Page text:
arch-

arch-

1
a combining form that represents the outcome of archi- in words borrowed through Latin from Greek in the Old English period; it subsequently became a productive form added to nouns of any origin, which thus denote individuals or institutions directing or having authority over others of their class (archbishop; archdiocese; archpriest ). More recently, arch-1, has developed the senses “principal” (archenemy; archrival ) or “prototypical” and thus exemplary or extreme (archconservative ); nouns so formed are almost always pejorative.

Origin:
Middle English; Old English arce-, ærce-, erce- (> Old Norse erki-) < Latin archi- < Greek (see archi-); but Dutch aarts-, Middle Low German erse-, Middle High German, German Erz- < Medieval Latin arci-, and Gothic ark- directly < Greek. Cf. archangel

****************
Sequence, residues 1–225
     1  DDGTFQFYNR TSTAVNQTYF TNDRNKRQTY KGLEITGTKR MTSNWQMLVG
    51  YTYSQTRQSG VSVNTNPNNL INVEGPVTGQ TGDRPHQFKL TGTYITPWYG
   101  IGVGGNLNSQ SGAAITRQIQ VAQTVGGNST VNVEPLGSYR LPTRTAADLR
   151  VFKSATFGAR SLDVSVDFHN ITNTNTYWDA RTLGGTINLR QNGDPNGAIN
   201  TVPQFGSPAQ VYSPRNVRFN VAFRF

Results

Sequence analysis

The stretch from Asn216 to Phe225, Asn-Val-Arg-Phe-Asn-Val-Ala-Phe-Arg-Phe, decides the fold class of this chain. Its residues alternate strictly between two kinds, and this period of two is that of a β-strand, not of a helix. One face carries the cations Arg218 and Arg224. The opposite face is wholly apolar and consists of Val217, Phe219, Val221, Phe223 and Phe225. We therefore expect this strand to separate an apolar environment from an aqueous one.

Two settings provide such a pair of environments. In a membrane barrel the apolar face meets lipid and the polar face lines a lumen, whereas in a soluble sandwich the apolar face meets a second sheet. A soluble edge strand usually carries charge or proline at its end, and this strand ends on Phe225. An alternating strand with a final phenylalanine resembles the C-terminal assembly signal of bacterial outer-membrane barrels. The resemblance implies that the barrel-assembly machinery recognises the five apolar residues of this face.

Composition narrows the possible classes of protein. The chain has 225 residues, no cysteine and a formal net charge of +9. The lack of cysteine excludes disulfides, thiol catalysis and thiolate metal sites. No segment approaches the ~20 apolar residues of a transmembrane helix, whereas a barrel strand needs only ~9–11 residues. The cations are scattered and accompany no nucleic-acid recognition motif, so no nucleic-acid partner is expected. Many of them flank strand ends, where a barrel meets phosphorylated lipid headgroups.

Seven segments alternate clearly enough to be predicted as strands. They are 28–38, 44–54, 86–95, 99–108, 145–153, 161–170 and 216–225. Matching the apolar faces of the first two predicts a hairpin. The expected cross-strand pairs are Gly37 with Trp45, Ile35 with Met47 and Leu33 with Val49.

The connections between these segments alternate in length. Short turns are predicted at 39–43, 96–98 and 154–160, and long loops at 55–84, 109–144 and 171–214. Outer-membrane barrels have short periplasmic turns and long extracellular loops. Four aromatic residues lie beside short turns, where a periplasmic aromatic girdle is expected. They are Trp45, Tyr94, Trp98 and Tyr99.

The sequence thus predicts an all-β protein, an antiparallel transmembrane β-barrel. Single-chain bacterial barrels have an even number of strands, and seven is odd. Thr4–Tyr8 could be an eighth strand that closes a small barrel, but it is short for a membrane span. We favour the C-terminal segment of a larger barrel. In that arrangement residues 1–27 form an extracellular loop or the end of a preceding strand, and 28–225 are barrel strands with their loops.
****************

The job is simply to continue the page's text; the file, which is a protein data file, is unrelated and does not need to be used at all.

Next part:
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arch-

2
variant of archi- before a vowel: archangel; archenteron.
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Based on the Random House Dictionary, © Random House, Inc. 2014.
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World English Dictionary
arch- or archi-
 
combining form
1.  chief; principal; of highest rank: archangel; archbishop; archduke
2.  eminent above all others of the same kind; extreme: archenemy; archfiend; archfool
 
[ultimately from Greek arkhi-, from arkhein to rule]
 
archi- or archi-
 
combining form
 
[ultimately from Greek arkhi-, from arkhein to rule]

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